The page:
"Occupy Wall Screens"... in Wall Street
French media artist Maurice Benayoun is way ahead of today’s economists. He long ago figured out that collective emotions trackable on the Web might be used to predict market ups and downs. Recent books like Animal Spirits: How Human Psychology Drives the Economy echo the notion that the market has become a histrionic arena that begs for regulatory controls, and there is at least one hedge fund that uses the analysis of mass tweets to make stock predictions. But Benayoun is no Wall Street gambler trying to game the system. He hopes his recent work will in fact aid and engage the Occupy Wall Street movement, which he says is still more potent in the U.S. than in Europe — though not for long.
Although Benayoun is a Parisian born in Algeria, it’s more to the point to say he’s a pioneering international media artist. Having mined the digital-into-art realm since well before most others, he is revered in his field and spends much of his time exhibiting and lecturing abroad. “Defining myself is always a difficult question because I’ve changed my title many times. Multimedia explorer, artiste plasticien, conceptual artist… and now I just say Open Media artist — the result of the evolution of the media the artist can use. We don’t have to use just painting and sculpture anymore; we can use video, film, Internet, virtual reality, augmented reality, installations and so on.”
Benayoun is probably France’s most cutting-edge artist, in that he is usually absorbed with whatever new visual technology is emerging in ways accessible to artists, beginning with 3D animation in the early 1990s. But he doesn’t just tinker with these new toys to show off their cool tech-fair features; he seeks ways to make them enlighten us about society, perception, human behavior and other weighty matters he likes to ponder. He’s a thinker first, and technology is just a means to a dialectic end that asks more questions than it answers. He likes to connect, as he says, philosophy, poetry, politics and art… perhaps a very European tendency, melding disparate layers in the way the continent’s oldest cities do.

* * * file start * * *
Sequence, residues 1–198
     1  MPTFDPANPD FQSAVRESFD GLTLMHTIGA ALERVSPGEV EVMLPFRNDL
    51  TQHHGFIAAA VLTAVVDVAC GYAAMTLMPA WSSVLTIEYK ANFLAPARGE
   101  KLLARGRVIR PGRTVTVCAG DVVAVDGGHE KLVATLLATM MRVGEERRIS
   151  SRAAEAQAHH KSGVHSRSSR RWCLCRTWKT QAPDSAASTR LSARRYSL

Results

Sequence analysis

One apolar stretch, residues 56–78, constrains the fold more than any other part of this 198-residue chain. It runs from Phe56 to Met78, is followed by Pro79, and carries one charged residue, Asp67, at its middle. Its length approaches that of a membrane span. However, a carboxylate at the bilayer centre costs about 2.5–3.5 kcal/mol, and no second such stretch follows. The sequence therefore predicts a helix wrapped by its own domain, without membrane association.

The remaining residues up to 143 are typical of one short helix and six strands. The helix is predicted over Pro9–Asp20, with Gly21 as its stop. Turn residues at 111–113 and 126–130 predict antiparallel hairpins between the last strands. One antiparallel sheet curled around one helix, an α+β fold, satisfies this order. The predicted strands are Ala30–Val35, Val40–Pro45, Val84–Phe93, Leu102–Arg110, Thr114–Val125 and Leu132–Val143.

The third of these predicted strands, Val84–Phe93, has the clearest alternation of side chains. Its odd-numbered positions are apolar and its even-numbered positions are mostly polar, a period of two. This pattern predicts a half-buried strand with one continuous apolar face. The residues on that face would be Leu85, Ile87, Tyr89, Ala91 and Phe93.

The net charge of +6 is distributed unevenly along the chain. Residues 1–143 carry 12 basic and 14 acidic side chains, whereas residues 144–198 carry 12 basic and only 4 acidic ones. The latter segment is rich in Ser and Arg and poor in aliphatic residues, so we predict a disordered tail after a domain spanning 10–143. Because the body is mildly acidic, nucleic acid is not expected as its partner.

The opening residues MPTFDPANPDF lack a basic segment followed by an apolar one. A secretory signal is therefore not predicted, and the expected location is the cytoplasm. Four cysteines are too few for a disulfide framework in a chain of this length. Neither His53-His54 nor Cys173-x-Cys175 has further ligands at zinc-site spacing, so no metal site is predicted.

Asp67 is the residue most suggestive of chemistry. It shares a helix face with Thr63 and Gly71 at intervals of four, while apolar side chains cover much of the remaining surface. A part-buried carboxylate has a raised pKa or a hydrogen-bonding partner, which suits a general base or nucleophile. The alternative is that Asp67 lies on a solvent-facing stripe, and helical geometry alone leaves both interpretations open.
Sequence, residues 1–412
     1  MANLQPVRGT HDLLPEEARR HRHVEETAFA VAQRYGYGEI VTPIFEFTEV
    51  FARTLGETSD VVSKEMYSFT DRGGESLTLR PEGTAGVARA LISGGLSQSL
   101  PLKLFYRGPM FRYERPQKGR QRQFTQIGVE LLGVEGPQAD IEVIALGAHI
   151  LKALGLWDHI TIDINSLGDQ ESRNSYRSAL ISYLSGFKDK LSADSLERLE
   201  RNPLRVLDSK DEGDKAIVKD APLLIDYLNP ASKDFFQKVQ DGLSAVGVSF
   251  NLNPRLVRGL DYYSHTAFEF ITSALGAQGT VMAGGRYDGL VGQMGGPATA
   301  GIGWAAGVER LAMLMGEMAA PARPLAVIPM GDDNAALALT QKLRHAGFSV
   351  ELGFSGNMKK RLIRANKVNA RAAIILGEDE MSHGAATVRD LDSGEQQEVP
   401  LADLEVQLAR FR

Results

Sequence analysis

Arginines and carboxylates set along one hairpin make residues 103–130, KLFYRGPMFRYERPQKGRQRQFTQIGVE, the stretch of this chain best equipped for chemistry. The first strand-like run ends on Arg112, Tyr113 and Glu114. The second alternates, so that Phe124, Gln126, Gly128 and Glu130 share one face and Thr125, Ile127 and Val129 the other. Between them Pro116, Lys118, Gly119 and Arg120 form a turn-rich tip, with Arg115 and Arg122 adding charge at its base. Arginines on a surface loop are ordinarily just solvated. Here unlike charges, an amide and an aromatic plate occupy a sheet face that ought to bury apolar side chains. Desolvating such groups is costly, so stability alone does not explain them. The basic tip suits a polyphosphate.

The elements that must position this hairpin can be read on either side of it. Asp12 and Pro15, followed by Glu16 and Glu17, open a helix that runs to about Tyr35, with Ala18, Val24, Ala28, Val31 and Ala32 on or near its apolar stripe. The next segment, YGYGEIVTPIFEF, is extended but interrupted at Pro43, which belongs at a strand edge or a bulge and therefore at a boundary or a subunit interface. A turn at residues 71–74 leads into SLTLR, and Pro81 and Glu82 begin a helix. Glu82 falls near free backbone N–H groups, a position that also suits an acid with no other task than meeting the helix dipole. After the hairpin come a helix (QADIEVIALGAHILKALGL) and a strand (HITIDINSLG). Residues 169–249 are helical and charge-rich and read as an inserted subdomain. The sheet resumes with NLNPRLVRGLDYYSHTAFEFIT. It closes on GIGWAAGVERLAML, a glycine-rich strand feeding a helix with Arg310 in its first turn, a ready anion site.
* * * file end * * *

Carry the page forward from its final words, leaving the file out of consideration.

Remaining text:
Benayoun is a prolific artist and his works are too numerous and layered to describe here with any thoroughness, but a few ought to be mentioned. As an indication of his stature in France, he was invited to create a permanent on-site installation for the 200th anniversary of the Arc de Triomphe. He took the opportunity to make a rather subversive point about the obsolete imperial gesture of war monuments. Another signature piece was Tunnel Under The Atlantic, a symbolic but working link between museums in Paris and Montreal. He employed “tele-virtuality” and artificial intelligence to achieve a dialogue between users 3500 miles apart. It was later re-cycled to create Paris-Delhi.
Below is a glimpse of how Maurice Benayoun thinks aloud.
The opening reception will take place from 6 to 8 pm on January 31 at the Eventi Hotel’s Bar Basque, designed by futurist Syd Mead (839 Avenue of the Americas). Benayoun will also give a lecture at Parsons the New School for Design on February 1 and Columbia University on February 2.
Michael Kurcfeld is a documentary producer and journalist based in Los Angeles and Paris. Click here for his website.